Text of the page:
In 2016, a year of intense energy and drive that we have not yet concluded, two high-level ministerial meetings on AMR involving the Region’s Member States have already been held. In February there was the ‘Combating AMR: Public health challenge and priority’ meeting organized by the Government of India in New Delhi. At this meeting a roadmap for the creation of national action plans was developed, and countries pledged to have these plans finalized by May 2017. And in April a bi-regional meeting on AMR organized by Japan, in collaboration with the WHO South-East Asia and Western Pacific Regions, was held in Tokyo. This meeting allowed Member States the opportunity to troubleshoot the development of their national action plans, and reiterated the focus needed to reverse AMR’s rising tide.

Ladies and gentlemen,

These regional milestones have taken place as progress at the global level has accelerated. In addition to the discussion of AMR at the UN General Assembly which I mentioned earlier, several notable AMR-related developments have occurred. This includes WHO’s Global Action Plan on Antimicrobial Resistance, which is providing guidance to countries as they endeavor to meet the May 2017 deadline for developing national plans. And it also includes the featuring of AMR as a core agenda item at consecutive G7 meetings in 2015 and 2016 in Germany and Japan respectively.

Understandably, this burst of activity is helping to bring all partners on board and to illuminate the way forward for tackling AMR. As evidenced in the Global Plan and in a number of key reports produced by WHO and other partners in recent years, the broad policy areas for action have been staked out. Indeed, the need of the hour now is to engage in the minutiae of policy development and planning, and to be decisive in the next steps we take.

With this in mind, ladies and gentlemen, I would like today to focus on the critical importance of the ‘One Health’ approach, and of operationalizing the tripartite collaboration between the World Health Organization, the Food and Agriculture Organization of the United Nations, and the World Organization for Animal Health.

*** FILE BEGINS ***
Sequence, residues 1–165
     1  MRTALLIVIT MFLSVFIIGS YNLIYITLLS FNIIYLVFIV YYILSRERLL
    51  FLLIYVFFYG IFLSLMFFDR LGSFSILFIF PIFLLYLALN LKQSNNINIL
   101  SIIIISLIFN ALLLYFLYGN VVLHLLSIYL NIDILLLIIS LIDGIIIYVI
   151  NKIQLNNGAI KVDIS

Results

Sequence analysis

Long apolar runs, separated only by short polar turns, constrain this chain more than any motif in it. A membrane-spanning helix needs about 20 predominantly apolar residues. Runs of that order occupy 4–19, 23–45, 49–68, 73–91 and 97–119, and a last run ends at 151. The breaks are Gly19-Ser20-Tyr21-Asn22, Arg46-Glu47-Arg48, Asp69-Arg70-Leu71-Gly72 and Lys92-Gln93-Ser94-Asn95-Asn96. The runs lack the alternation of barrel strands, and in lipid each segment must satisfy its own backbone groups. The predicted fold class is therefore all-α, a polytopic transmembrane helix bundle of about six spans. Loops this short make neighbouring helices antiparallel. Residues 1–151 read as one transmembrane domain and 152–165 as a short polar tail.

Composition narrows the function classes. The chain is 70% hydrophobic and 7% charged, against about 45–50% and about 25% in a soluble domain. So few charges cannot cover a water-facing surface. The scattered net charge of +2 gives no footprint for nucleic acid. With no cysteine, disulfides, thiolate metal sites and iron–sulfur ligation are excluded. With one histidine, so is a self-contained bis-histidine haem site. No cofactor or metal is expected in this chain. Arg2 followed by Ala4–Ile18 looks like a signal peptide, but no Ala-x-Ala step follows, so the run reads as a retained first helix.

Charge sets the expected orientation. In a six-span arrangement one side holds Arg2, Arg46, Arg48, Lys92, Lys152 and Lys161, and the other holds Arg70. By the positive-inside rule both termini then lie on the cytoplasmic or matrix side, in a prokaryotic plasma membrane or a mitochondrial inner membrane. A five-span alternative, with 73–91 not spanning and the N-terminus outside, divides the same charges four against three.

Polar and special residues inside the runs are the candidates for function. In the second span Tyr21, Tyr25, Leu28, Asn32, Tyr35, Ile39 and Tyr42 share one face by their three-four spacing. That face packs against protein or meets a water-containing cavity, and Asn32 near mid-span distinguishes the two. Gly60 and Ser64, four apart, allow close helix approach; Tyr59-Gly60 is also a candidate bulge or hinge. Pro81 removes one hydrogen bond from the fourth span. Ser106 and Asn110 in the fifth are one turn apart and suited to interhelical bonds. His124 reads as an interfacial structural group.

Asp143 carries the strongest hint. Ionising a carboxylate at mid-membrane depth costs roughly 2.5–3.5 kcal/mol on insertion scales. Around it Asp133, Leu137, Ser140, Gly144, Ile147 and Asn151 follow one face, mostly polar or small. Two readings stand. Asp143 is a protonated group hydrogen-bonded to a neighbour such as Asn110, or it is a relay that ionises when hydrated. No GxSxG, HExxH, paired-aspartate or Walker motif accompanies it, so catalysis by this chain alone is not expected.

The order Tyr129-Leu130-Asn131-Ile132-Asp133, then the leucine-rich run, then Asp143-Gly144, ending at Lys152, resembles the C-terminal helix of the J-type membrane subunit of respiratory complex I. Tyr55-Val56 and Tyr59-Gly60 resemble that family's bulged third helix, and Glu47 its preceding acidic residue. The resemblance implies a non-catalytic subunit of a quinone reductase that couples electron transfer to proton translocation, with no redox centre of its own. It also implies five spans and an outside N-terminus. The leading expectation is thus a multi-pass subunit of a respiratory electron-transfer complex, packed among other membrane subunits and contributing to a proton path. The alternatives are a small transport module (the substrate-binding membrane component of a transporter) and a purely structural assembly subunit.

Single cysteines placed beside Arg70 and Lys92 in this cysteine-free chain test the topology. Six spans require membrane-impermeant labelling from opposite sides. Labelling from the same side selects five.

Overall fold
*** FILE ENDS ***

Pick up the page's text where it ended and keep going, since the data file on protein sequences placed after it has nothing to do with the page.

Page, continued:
As we know, the rise of antibiotic-resistant pathogens cannot be contained in the absence of close cooperation between the human health, animal health and environmental health sectors. And as we also know, while establishing this cooperation is of vital concern within countries, it is doubly so at the international level given the cross-border nature of AMR and ongoing concerns regarding emerging zoonotic diseases.

In taking the One Health approach forward WHO is focusing on developing integrated responses across sectors, and capitalizing on the comparative advantages of WHO and partners agencies such as FAO and OIE so as to create more targeted, efficient, and cost-effective responses.

Beyond advocating interventions at our respective meetings, for example, the Tripartite should aim at joint country support to ensure participation of all relevant ministries and stakeholders. Similarly, beyond pursuing fragmented attempts at strengthening surveillance of AMR, the Tripartite should help integrate surveillance data so as to further establish the relationship between agriculture practices and their impact on human health. This strategy is well aligned with the Global Plan and will stimulate interventions that are people-centered, comprehensive, context-specific and preventive.